5 More Tribal Hemp Plans Receive Federal Go-Ahead 

Five Tribal hemp proposals got the federal green light Thursday. The newly approved plans include those of the Miccosukee Tribe of Indians of Florida, the Winnebago Tribe of Nebraska, Cheyenne and Arapaho Tribes in western Oklahoma, Rosebud Sioux Tribe in South Dakota, and the Pala Band of Mission Indians in southern California. 

Along with those five Tribes, Massachusetts became the latest state to have its plan be U.S. Department of Agriculture (USDA) accepted. 

That raises the number of Tribal approvals to 25, and state to 17.

With the 2018 U.S. farm bill, industrial hemp was legalized, also authorizing federally recognized Tribes to develop their own regulatory plans for the production of hemp. All Tribal and state plans must go through an approval process by the U.S. Department of Agriculture as required under the 2018 law.

All 25 Tribes to get the USDA stamp of approval so far include (listed in the same order as the USDA website):

  • Blackfeet Nation
  • Cayuga Nation
  • Cheyenne and Arapaho Tribes
  • Colorado River Indian Tribes
  • Confederated Tribes of Warm Springs
  • Flandreau Santee Sioux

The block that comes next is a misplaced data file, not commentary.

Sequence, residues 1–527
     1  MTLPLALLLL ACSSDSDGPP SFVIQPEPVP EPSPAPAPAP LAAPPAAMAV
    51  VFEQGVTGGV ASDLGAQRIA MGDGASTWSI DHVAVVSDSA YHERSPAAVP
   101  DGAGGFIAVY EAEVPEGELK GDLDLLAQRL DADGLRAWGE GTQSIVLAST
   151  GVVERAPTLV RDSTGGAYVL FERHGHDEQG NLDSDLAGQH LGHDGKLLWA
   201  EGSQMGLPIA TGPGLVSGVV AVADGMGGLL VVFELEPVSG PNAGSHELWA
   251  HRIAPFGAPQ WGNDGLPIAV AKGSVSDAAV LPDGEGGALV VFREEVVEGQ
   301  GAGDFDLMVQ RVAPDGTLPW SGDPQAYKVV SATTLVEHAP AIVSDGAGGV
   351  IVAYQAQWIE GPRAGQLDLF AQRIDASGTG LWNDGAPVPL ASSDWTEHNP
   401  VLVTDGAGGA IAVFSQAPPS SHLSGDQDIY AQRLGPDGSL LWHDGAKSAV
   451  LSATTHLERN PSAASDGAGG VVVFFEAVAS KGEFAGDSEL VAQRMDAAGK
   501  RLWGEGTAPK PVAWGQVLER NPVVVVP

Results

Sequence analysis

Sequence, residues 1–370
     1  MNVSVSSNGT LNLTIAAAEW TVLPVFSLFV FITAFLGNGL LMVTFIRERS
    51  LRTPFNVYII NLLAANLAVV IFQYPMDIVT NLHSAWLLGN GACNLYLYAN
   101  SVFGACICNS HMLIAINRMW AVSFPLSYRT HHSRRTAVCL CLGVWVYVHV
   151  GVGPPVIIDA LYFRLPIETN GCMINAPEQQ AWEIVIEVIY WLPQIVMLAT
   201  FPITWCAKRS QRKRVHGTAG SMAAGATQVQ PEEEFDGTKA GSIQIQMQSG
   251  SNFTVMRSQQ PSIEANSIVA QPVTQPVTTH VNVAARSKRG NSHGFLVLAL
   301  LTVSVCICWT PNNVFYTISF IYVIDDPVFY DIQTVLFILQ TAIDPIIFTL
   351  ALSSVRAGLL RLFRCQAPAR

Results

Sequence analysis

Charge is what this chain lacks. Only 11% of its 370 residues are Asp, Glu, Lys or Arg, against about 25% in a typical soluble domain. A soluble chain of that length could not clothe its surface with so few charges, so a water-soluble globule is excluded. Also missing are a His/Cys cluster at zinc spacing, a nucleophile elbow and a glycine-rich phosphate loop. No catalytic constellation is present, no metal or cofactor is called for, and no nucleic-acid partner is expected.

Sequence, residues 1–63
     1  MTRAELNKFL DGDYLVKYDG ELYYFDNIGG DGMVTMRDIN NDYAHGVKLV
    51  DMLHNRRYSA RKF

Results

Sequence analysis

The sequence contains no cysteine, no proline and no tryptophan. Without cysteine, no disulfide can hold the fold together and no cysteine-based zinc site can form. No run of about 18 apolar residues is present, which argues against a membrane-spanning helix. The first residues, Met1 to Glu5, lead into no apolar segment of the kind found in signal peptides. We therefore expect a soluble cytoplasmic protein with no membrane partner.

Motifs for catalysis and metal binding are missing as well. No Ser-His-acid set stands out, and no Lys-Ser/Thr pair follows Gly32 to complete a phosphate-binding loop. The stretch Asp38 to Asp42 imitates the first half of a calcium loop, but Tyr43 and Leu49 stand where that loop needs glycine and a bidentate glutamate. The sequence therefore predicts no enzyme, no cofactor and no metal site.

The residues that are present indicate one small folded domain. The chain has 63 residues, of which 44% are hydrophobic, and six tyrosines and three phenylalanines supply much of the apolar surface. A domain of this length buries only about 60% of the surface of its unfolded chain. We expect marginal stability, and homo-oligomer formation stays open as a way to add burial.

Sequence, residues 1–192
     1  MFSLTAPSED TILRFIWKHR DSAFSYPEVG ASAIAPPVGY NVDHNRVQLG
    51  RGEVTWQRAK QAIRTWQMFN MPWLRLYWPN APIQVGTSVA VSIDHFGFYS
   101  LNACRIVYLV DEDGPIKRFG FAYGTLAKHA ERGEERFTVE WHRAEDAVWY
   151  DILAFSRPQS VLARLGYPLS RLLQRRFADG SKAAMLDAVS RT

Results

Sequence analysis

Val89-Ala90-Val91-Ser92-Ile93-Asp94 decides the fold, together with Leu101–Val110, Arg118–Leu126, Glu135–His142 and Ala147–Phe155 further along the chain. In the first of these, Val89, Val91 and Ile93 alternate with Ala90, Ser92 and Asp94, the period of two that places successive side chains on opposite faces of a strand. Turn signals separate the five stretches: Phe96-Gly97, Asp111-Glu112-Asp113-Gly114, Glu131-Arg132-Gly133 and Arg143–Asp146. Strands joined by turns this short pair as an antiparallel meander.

• Fort Belknap Indian Community
  • Iowa Tribe of Kansas and Nebraska
  • La Jolla Band of Luiseno Indians
  • Miccosukee Tribe of Indians of Florida
  • Oglala Sioux Tribe
  • Otoe-Missouria Tribe
  • Pala Band of Mission Indians
  • Prairie Band Potawatomi Nation
  • Pueblo of Picuris Tribe
  • Rosebud Sioux Tribe
  • Sac & Fox Tribe of the Mississippi in Iowa
  • Santa Rosa Band of Cahuilla Indians
  • Santee Sioux Nation
  • Seneca Nation
  • Sisseton-Wahpeton Oyate
  • Standing Rock Sioux Tribe
  • Turtle Mt. Band of Chippewa Indians
  • Winnebago Tribe of Nebraska
  • Yurok Tribe

Miccosukee Tribe of Indians of Florida

The Miccosukee Tribe has three reservation areas in South Florida, along Tamiami Trail, Alligator Alley and Krome Avenue.

Miccosukee Tribal Chairman Billy Cypress wrote with the February 11, 2020, submission of the Tribe’s hemp plan to the USDA: